Although little data exist, the risk of HCV transmission from breastfeeding is negligible to small. The Centers for Disease Control and Prevention have concluded that breastfeeding by HCV-infected mothers is generally safe. Some authorities have suggested, however, that mothers with a high viral load (greater than 108 copies/mL, see later) may pose a risk.90 Because anti-HCV can be acquired passively by the infant, molecular testing for HCV RNA is required if the diagnosis of HCV infection is suspected. Infants of infected mothers should not undergo serologic testing for anti-HCV before the age of 18 months because maternal antibodies may persist in the infant’s serum and lead to diagnostic confusion.

Sporadic HCV Infection

The source of transmission is unknown in 9% to 27% of cases of HCV infection.78 Such sporadic HCV infection probably results from an undisclosed or unrecognized percutaneous route of infection. This presumption is supported by the observation that intranasal cocaine use is not considered a risk factor for HCV transmission (although it was considered a risk factor in the past).91 HCV infection can be acquired from non-commercial tattooing and body piercing when equipment is reused, shared, or improperly sterilized. Commercial tattooing is now well controlled and probably conveys little risk of HCV infection. Iatrogenic transmission of HCV is well documented in a variety of circumstances, most notably via contaminated multi-use vials and inadequately sterilized multi-use instruments and syringes, as seen with schistosomal treatment campaigns in Egypt.92


Determinants of persistence of HCV include (1) the evasion of immune responses through several viral mechanisms, (2) inadequate induction of the innate immune response, (3) insufficient induction or maintenance of an adaptive immune response, (4) the production of viral quasispecies, and (5) the induction of immunologic tolerance.67,93,94 In 55% to 85% of acute HCV infections, the net result of the host-virus interplay is the inability to clear virus despite the development of antibodies against several viral proteins. In the minority of patients in whom acute HCV resolves, an early and multispecific CD4+ T-cell proliferative response occurs, with predominance of type 1 CD4+ helper T (Th1) cells in the peripheral blood,95 most of which produce interferon-α. This “protective” response is still detected 18 to 20 years after infection in a majority of asymptomatic recovered patients but in only a minority of patients in whom chronic HCV infection develops.96 Although the immune response is essential in preventing viral persistence after acute HCV infection in 15% to 45% of cases, in those without viral clearance, the immune response mediates hepatic cell destruction and fibrosis.


HCV infection elicits an immune response in the host that involves both an initial innate response as well as a subsequent adaptive response. The innate response is the first line of defense against the virus and includes several arms such as natural killer (NK) cell activation and cellular antiviral mechanisms triggered by pathogen-associated molecular patterns (PAMPs) recognized by the cell.100102 These processes can lead to apoptosis of infected cells within the first few hours of infection. NK cells, as the effector cells of the innate immune system, also produce tumor necrosis factor (TNF)-β and interferon-α, cytokines that are critical for dendritic cell maturation and subsequent induction of adaptive immunity.94 After this, however, the virus initiates a number of mechanisms that undermine the ability of the host to control the infection.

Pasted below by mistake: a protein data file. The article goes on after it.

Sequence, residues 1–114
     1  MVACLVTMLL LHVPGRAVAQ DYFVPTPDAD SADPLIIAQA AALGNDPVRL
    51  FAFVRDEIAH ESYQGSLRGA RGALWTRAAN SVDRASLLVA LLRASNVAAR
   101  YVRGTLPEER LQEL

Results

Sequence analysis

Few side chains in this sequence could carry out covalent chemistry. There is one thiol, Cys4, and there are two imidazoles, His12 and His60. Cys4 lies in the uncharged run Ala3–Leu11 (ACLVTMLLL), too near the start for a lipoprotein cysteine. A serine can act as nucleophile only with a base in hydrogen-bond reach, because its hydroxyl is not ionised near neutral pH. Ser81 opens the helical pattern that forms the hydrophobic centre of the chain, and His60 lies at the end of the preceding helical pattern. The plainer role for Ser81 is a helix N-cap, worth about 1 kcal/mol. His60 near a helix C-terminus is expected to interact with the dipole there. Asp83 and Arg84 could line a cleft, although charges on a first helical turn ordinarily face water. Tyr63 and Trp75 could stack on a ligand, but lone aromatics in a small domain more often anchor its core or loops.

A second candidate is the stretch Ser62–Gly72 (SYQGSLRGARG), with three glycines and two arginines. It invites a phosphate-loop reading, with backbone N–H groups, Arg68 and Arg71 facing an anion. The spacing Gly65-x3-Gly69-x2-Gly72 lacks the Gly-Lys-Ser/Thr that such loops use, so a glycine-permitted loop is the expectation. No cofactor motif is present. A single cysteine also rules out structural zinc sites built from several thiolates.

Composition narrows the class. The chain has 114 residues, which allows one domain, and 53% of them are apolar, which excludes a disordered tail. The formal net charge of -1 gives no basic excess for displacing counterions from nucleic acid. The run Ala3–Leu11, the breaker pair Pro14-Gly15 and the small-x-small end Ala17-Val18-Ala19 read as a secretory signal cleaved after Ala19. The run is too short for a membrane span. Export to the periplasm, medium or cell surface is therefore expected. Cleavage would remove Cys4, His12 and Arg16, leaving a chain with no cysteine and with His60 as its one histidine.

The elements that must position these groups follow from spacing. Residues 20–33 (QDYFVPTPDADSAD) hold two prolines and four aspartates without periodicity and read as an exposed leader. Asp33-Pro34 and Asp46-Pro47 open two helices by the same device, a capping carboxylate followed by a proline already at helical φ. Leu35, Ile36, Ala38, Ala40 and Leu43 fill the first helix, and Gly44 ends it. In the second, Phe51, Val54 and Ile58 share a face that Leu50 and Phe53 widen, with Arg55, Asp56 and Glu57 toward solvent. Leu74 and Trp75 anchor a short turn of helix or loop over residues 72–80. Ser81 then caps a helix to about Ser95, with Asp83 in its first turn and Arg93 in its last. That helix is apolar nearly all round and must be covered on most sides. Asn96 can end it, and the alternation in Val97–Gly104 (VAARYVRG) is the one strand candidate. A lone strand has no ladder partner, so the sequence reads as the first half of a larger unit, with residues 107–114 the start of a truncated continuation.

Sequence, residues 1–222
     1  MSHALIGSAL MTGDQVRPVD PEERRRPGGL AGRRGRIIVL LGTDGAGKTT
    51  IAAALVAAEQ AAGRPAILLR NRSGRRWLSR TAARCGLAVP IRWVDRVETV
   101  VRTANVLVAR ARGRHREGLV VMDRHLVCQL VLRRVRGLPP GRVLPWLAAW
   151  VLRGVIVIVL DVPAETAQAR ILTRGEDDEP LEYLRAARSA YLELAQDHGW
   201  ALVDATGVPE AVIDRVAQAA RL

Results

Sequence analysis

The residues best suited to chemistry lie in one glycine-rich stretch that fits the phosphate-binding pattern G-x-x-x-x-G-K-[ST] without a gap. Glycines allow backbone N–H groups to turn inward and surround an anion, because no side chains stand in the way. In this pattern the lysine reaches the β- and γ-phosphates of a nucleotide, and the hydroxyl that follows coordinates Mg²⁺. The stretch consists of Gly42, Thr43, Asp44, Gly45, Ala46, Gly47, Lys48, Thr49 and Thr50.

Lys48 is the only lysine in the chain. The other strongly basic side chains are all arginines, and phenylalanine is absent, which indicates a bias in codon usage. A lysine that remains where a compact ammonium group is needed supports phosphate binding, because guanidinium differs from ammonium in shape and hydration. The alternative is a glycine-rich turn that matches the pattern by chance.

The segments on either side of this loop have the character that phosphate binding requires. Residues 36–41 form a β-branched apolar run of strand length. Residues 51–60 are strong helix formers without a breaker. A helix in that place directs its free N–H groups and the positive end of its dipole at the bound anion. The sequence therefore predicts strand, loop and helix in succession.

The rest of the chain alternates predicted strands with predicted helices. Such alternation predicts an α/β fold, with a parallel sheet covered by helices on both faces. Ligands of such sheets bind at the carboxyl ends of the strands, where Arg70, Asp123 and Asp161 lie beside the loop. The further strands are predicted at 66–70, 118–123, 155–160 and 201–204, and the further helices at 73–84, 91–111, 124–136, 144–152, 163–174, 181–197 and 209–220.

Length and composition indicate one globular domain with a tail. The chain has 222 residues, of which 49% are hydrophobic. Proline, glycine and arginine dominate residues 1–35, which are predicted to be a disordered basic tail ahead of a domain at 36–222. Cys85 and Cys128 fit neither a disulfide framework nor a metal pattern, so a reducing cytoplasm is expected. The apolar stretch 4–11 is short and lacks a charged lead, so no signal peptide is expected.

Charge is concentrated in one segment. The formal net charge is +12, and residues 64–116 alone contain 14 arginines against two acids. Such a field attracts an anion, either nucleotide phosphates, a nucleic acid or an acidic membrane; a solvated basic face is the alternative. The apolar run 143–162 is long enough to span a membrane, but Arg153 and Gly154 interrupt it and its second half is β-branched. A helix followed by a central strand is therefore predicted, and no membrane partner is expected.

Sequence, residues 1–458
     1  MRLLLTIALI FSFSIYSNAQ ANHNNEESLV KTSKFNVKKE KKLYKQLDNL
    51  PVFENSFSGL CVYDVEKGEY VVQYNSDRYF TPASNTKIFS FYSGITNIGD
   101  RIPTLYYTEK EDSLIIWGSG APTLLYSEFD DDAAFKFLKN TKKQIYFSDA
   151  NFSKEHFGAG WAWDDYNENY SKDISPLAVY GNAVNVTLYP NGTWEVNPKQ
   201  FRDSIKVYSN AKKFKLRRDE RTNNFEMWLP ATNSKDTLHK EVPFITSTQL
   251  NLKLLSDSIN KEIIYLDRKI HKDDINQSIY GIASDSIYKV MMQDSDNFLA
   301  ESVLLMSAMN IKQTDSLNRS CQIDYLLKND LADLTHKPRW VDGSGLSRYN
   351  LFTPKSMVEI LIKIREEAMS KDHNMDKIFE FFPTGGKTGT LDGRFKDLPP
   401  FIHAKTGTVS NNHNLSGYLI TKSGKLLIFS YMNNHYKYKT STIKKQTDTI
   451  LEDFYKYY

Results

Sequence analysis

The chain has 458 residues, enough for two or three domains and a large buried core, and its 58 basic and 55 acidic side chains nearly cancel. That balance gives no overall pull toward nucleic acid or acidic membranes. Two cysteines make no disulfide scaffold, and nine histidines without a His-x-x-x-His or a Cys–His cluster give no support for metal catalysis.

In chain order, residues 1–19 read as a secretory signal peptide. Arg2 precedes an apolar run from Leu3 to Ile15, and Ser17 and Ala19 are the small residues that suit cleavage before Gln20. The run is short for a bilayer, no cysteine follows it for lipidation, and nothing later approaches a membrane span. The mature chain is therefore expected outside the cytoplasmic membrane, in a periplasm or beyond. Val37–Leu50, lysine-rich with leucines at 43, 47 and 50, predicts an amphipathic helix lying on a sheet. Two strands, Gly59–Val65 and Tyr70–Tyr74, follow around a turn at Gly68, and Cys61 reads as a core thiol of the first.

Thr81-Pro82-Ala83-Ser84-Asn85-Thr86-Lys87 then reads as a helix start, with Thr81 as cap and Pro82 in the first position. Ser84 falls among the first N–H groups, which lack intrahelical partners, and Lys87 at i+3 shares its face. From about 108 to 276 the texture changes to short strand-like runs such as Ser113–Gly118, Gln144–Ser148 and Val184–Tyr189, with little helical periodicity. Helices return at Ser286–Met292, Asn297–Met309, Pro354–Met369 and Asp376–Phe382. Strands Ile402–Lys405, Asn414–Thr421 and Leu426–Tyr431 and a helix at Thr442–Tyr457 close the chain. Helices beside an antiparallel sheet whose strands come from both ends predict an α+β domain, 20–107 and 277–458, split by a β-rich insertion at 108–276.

Virus-related disruption of the innate, and later adaptive, immune response occurs at several levels.93 NK cell function is slowed possibly because NK cell–mediated cytotoxicity and production of cytokines are interrupted when the HCV E2 protein binds its cellular receptor CD81.103,104 PAMPs activate several cellular processes including the JAK-STAT pathway and Toll-like receptor-3 (TLR-3), activation of both of which ultimately results in production of cellular interferons and interferon-regulated factors that convey antiviral properties to the cell.93 NS3/4 protease degrades TRIF, an essential intermediate in this pathway, and cleaves interferon promoter stimulator-1 (IPS-1), an intermediate in the signaling cascade, to activate interferon when retinoic inducible gene-1 (RIG-1) binds viral intermediates.47,105,106 In addition, HCV core protein promotes STAT-1 degradation, inhibits STAT-1 phosphorylation, promotes suppressor of cytokine signaling (SOCS) induction (an inhibitor of JAK-STAT signaling), and impairs interferon-stimulated gene factor-3 (ISGF3), a heterotrimer of STAT-1, STAT-2, and interferon-β promoter stimulator (IRF-9) from binding to the promoter regions of interferon-stimulated response elements (ISRE), thereby inhibiting transcription of interferon-response genes. Even when interferon-response genes are activated, NS5A and E2 both can disrupt protein kinase R (PKR) function to suppress translation, thereby allowing viral replication to continue.93 In addition, NS5A inhibits 2′-5′-oligoadenylate synthetase (OAS). 2′-5′-OAS is expressed in response to HCV infection and leads to HCV RNA degradation.93 Taken together, HCV is able to disorient the innate immune response at several levels, and these strategies appear to be pivotal in establishing the chronicity of infection.

The ability of HCV to impair the innate immune response prevents development of a vigorous adaptive immune response to the infection. NK cells do not adequately activate dendritic cells, and as a result, the priming of CD8+ and CD4+ T cells in HCV-infected patients is inadequate.107109 Dendritic cells from HCV-infected patients are more likely to produce IL-10, a cytokine that inhibits antigen-specific T-cell responses. In addition, CD4+ T cells primed from dendritic cells of HCV-infected patients are more likely to produce IL-10. Even if an adequate T-cell response is created, HCV-infected patients have a large number of regulatory T cells in their portal tracts110; intrahepatic immune regulation by these cells has not been demonstrated but is presumed.